This past Wednesday night, the Massachusetts House voted, 138-17, to approve legislation that would both reduce the waiting periods now required for sealing criminal records from public view, and prohibit employers from asking job applicants about prior criminal records on initial job application forms.
As my readers know, I’ve blogged previously about CORI reform efforts in Massachusetts. As I’ve said in this blog and elsewhere, a big problem complicating reform efforts in this area of Massachusetts criminal law, is that different people – especially employers – have different needs for this kind of information. Some need very extensive information, such as public safety employers, financial institutions or child-care providers. Other types of employers don’t typically need this kind of detail. Strict law-and-order advocates want each person convicted of any crime at all, to be required or produce a detailed record. Others feel that someone who has been found guilty of a relatively minor offense should not have to carry a “Scarlet Letter” for that offense, potentially foreclosing a number of opportunities for them in the future.
The legislation passed by the House the past week, would change present law to allow sealing of felony crime records 10 years after sentencing for an offense, instead of the current 15 years. The bill’s advocates argue that it will reduce barriers to jobs and housing now faced by hundreds of thousands of Massachusetts residents with prior criminal records. The House bill would also permit sealing of misdemeanor convictions from public view, such as Masschusetts assault and battery, or simple assault after five years, versus the current 10-year waiting period. House Judiciary Chairman Eugene L. O’Flaherty, D-Chelsea, said the intent of the current measure, the product of several years of legislative work, is supported by national studies that show that convicts who remain out of the criminal system for six or seven years after committing previous crimes, are less likely to re-offend. O’Flaherty and other advocates of the House bill argue that the reforms are “smart on crime as opposed to being weak on crime”, in that the reforms supposedly encourage convicts with prior criminal records to join the workforce. That may be true, but all it’s going to take to knock this argument down, is the media reporting just one Massachusetts murder or Massachusetts rape case committed by someone with a CORI who didn’t have to report a prior violent crime he or she committed because it was older than ten years, and, to be blunt, all hell will break loose.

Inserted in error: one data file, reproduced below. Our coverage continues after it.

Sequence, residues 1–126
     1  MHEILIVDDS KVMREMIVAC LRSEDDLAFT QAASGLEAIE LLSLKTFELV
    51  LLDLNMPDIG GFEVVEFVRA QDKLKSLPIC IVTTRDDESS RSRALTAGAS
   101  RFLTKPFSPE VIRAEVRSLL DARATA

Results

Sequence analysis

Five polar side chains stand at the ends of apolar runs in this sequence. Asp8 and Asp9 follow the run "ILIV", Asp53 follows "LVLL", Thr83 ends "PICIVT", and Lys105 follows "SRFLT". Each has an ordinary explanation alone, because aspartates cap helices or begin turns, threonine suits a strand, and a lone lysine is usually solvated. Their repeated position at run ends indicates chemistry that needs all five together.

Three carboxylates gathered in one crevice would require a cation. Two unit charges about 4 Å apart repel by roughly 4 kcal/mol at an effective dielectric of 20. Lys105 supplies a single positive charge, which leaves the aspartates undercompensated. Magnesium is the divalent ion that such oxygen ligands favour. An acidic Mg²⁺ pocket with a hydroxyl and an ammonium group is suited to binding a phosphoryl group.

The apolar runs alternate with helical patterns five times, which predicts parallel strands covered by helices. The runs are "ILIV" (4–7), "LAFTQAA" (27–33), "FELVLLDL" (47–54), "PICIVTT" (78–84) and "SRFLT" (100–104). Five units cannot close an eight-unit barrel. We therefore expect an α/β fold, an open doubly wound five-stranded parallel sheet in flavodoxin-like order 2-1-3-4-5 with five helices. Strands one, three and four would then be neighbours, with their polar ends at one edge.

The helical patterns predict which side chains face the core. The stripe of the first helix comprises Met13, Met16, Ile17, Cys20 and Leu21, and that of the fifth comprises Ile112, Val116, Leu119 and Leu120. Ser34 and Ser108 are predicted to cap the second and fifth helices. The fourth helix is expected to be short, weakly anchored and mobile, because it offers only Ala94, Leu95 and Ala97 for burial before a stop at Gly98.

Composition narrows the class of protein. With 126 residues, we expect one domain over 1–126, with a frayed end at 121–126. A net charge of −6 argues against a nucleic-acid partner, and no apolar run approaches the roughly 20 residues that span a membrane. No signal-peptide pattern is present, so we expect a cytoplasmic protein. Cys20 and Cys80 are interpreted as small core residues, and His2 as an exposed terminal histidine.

The Massachusetts Senate is currently offering its own version of CORI reform, but its version provides for early parole for non-violent offenders now serving mandatory sentences, after they complete two-thirds of their sentences. The House version passed last Wednesday doesn’t contain this provision, which is designed to direct inmates to treatment programs after their early release. As is customary, differences in the two bills will be worked out in conference committee, before any final bill is sent to the Governor’s office. For the record, however, three points about the House version: 1) Police departments would continue to have immediate access to all criminal records of any kind; 2) Crimes involving Massachusetts murder or manslaughter would not be subject to sealing; 3) Massachusetts Sex offense records could not be sealed and would remain accessible to the general public.
Regardless of what comes out and is finally enacted into law, it will hopefully be a balanced approach to providing employers and the public with the information they need about someone’s prior criminal history, as well providing persons convicted of certain crimes with ability to begin anew without being “marked for life.” To give readers an idea of just how many people could be affected, a recent Pew Charitable Trust study indicates that one in 24 adults in Massachusetts, or more than 200,000 people, were either in jail or on parole or probation in Massachusetts at the end of 2007. If that’s not enough, even higher numbers than that are estimated to have older criminal records that would affected by the legislation.